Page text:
Setting Sail


Day 1

As far as first days go, this whopping big 8.47km was an easy one.

It is always a palaver leaving our flat. Bicycles, bottles, bags and anything else and whatever else we have, needs to be painstakingly carried down two flights of stairs. And because of local opportunistic drunks, nothing can be left unattended. However, being a crisp sunny day and an afternoon sail, we had all the time in the world.

P1000486We quietly loaded up our bikes, set the camera on timer and took our ‘before’ shot. Slightly over-exposed and backdropped by sickening city apartment blocks, this was a view that I was looking forward to leaving behind. Our morning meander to the ferry took us along paved pedestrian thoroughfares, busy streets, quiet streets and finally flanked the water’s edge on a new smooth independent cycle path.

We had been given two different sailing times, so were a little unsure what time we needed to actually be at the terminal. We turned up two and a half hours before departure to be greeted by Dutch tourists travelling in a pack and oblivious to their surroundings. There were no instructions at the ferry terminal for bicyclists, so we jumped in amongst the Dutch and lined up with the cars. After a confusing long wait, eventually the Dutch sorted themselves out, got out of everyone’s way and allowed us through.

At the berth we were greeted by a long line of cars; having no clear instructions we just rode past them, to be greeted by a smiling man, motioning us to cycle straight on. This turned out to be both our last stranger smile and our last display of simplicity until we re-boarded the ship a week later.

Inside the vessel we were confronted by a collection of tired looking bicycles haphazardly strapped to the hull. We managed to find an old trucking tie and used this to add our bikes to the mess. Next came the hardest part of the day; carrying between us our 12 panniers from the belly of the boat up many flights of stairs to our cabins. In my bags I had our first two days’ food and water as well as drinking water for the sailing. They were heavy and complicated to carry and if I only learnt one thing on the climb to our room, it was how ‘not’ to carry my panniers. I will do better next time.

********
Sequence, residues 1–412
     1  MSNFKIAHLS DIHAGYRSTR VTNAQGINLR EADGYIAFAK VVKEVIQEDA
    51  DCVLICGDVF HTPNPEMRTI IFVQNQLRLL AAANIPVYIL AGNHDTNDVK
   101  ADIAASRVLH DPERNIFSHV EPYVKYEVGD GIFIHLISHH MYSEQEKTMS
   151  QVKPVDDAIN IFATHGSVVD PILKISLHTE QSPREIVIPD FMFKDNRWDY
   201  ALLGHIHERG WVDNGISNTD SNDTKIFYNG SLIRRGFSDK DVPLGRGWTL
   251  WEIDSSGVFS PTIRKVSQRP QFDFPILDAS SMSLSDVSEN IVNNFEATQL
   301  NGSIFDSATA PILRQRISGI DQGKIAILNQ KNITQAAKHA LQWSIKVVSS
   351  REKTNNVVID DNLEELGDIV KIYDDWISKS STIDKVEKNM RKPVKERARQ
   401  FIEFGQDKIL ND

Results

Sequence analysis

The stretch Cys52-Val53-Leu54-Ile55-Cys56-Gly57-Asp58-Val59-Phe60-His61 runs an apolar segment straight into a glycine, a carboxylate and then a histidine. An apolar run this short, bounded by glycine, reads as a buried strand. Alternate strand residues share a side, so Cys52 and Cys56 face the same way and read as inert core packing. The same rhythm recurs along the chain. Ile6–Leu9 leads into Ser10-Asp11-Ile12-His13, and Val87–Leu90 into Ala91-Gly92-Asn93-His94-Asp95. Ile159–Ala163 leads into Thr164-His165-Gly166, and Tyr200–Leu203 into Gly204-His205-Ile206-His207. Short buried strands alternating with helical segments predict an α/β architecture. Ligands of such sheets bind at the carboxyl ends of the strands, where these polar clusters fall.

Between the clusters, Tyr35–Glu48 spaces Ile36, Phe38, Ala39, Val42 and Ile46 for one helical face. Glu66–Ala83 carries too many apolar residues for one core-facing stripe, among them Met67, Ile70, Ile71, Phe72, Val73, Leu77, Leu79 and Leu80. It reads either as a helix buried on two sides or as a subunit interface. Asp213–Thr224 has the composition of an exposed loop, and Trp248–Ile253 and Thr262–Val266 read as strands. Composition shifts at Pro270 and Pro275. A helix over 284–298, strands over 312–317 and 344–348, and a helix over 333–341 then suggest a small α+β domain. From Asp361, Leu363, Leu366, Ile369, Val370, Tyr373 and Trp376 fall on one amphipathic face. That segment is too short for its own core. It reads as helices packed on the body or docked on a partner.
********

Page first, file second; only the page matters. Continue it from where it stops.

The afternoon was spent on deck watching sunny Klaipėda slide by and eventually finished with an average beer and an excellent book.


Day 1 – Setting Sail
Day 2 – Training, part 1
Day 2 – Training, part 2
Day 3 – New Expectations, part 1
Day 3 – New Expectations, part 2
Day 4 – Cobbles, part 1
Day 4 – Cobbles, part 2
Day 5 – Each Other, part 1
Day 5 – Each Other, part 2
Day 6 –  A Sprocket of a Day, part 1
Day 6 –  A Sprocket of a Day, part 2

2 thoughts on “Setting Sail

  1. They nearly caused a major escalator accident. They got confused at the bottom and just stood there. In the mean time about twenty of us were coming down and couldn’t get off. I was first to greet them, they didn’t seem to hear me yelling at them to move, which left me no option but to just should barge them. It only took one barge for them to get the message.

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